The Gospel of Matthew: a commentary & meditation 
 "Everything is ready; come to the marriage feast"

Scripture: Matthew 22:1-14

1 And again Jesus spoke to them in parables, saying, 2 "The kingdom of heaven may be compared to a king who gave a marriage feast for his son,3 and sent his servants to call those who were invited to the marriage feast; but they would not come. 4 Again he sent other servants, saying, `Tell those who are invited, Behold, I have made ready my dinner, my oxen and my fat calves are killed, and everything is ready; come to the marriage feast.' 5 But they made light of it and went off, one to his farm, another to his business, 6 while the rest seized his servants, treated them shamefully, and killed them. 7 The king was angry, and he sent his troops and destroyed those murderers and burned their city. 8 Then he said to his servants, `The wedding is ready, but those invited were not worthy. 9 Go therefore to the thoroughfares, and invite to the marriage feast as many as you find.' 10 And those servants went out into the streets and gathered all whom they found, both bad and good; so the wedding hall was
filled with guests. 11 "But when the king came in to look at the guests, he saw there a man who had no wedding garment; 12 and he said to him, `Friend, how did you get in here without a wedding garment?' And he was speechless. 13 Then the king said to the attendants, `Bind him hand and foot, and cast him into the outer darkness; there men will weep and gnash their teeth.' 14 For many are called, but few are chosen."
Meditation: What can a royal wedding party tell us about God's kingdom?  One of the most beautiful images of heaven in the
scriptures is the banquet and wedding celebration given by the King for his son.  We, in fact, have been invited to the most important banquet of all! The last book in the bible ends with an invitation to the wedding feast of the Lamb and his Bride, the church: The Spirit and the Bride say, Come! (Rev. 22:17). Why does Jesus' parable seem to focus on an angry king who ends up punishing those who refused his invitation and who mistreated his servants?  Jesus' parable contains two stories.  The first has to do with the original guests invited to the feast.  The king had sent out invitations well in advance to his subjects, so they would have plenty of time to prepare for coming to the feast.  How insulting for the invited guests to then refuse when the time for celebrating came! They made light of the King's request because they put their own interests above his.  They not only insulted the King but the heir to the throne as well. The king's anger is justified because they openly refused to give the king the honor he was due.  Jesus directed this warning to the Jews of his day, both to convey how much God wanted them to share in the joy of his kingdom, but also to give a warning about the consequences of refusing his Son, their Messiah and Savior.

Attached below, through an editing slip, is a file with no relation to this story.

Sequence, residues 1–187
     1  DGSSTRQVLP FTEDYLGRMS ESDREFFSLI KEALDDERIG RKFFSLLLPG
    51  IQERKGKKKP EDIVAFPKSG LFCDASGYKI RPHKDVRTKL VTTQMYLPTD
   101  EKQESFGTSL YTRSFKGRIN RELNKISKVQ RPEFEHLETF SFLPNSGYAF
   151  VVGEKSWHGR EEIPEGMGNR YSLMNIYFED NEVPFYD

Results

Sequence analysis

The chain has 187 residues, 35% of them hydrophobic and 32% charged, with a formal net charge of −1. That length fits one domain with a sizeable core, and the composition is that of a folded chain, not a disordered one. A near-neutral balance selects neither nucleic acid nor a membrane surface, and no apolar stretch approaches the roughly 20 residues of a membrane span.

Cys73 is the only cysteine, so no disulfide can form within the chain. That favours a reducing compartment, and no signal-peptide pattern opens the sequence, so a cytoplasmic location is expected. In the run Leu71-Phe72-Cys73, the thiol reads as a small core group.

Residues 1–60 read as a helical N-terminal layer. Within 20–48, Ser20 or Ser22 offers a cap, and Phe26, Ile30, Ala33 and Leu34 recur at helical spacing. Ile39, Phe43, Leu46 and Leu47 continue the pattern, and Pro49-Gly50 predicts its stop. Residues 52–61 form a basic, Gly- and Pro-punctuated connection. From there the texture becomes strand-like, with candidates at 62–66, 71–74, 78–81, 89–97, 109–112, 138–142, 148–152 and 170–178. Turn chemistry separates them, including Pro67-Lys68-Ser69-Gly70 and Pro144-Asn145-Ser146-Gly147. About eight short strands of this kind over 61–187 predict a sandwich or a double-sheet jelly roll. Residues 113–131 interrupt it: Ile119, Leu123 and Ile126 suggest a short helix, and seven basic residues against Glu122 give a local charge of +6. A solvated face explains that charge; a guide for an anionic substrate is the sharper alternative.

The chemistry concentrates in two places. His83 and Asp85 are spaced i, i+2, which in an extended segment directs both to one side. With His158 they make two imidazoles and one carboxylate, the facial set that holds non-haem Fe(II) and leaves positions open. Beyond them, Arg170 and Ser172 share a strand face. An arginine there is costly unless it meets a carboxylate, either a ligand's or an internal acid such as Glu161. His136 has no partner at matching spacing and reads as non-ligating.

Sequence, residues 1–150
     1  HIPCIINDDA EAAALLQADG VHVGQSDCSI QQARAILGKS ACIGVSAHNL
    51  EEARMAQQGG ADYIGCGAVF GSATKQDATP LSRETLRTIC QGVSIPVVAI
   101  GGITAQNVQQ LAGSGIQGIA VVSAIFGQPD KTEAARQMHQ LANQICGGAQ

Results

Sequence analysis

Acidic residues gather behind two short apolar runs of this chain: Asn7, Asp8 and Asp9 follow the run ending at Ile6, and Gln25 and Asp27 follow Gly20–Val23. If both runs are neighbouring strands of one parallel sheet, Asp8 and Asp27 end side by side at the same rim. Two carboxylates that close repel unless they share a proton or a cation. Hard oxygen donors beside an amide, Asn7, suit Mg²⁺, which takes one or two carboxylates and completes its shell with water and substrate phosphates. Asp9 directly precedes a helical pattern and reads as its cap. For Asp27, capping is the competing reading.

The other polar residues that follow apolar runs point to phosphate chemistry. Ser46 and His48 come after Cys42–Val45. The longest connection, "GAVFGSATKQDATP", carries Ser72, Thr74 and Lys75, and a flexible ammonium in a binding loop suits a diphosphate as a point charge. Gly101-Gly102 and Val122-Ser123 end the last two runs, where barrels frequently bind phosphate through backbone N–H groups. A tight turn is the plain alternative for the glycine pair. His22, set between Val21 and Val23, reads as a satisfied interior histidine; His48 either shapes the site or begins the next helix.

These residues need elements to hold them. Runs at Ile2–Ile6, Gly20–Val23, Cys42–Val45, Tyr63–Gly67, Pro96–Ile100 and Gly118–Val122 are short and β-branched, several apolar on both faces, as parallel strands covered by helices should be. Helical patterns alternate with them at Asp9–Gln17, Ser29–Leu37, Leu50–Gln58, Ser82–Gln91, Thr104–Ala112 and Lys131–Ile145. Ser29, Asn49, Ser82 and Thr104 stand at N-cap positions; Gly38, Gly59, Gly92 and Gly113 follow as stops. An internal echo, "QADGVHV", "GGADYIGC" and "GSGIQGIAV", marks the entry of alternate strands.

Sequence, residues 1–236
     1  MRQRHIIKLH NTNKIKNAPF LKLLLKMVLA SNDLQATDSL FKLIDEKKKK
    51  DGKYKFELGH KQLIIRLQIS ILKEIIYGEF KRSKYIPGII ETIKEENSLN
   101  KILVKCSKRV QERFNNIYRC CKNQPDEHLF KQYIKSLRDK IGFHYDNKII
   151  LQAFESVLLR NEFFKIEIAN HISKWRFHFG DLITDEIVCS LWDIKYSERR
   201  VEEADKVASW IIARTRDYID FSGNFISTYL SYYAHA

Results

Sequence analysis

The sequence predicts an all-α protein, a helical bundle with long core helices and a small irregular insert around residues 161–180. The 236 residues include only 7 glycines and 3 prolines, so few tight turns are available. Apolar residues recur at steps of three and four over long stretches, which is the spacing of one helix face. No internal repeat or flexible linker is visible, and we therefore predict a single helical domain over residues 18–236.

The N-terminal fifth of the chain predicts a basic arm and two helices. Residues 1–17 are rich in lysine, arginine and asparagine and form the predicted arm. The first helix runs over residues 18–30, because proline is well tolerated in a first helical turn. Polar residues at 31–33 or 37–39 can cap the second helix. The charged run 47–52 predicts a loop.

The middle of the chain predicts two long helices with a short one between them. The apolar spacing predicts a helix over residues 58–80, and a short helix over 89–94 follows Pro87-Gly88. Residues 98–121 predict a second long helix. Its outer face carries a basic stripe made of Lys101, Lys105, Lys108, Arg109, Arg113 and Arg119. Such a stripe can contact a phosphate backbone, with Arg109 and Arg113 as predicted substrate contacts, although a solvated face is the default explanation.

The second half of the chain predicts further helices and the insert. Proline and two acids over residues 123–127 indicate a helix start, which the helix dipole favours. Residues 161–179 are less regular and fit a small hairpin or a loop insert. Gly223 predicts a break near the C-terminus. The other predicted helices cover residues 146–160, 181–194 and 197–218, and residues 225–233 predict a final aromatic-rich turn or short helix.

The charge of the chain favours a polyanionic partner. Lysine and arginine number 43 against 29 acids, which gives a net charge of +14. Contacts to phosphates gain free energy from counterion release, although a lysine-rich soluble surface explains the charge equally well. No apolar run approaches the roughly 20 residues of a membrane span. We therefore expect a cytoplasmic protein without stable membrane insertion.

The second part of the story focuses on those who had no claim on the king and who would never have considered getting such an invitation. The "good and the bad" along the highways certainly referred to the Gentiles and to sinners.  This is certainly an invitation of grace -- undeserved, unmerited favor and kindness!  But this invitation also contains a warning for those who refuse it or who approach the wedding feast unworthily.  Grace is a free gift, but it is also an awesome responsibility.  Dieterich Bonhoeffer contrasts "cheap grace" and "costly grace".  "Cheap grace is the grace we bestow on ourselves ..the preaching of forgiveness without requiring repentance ..grace without discipleship, grace without the cross, grace without Jesus Christ, living and incarnate. ..Costly grace is the gospel which must be sought again and again, the gift which must be asked for, the door at which a man must knock.  Such grace is costly because it calls us to follow Jesus Christ.  It is costly because it costs a man his life, and it is grace because it gives a man the only true life."  God invites each of us to his banquet that we may share in his joy.  Are you ready to feast at the Lord's banquet table?

"Lord, may I always know the joy of living in your presence and grow in the hope of seeing you face to face in your everlasting
kingdom."


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(c) 2002 Don Schwager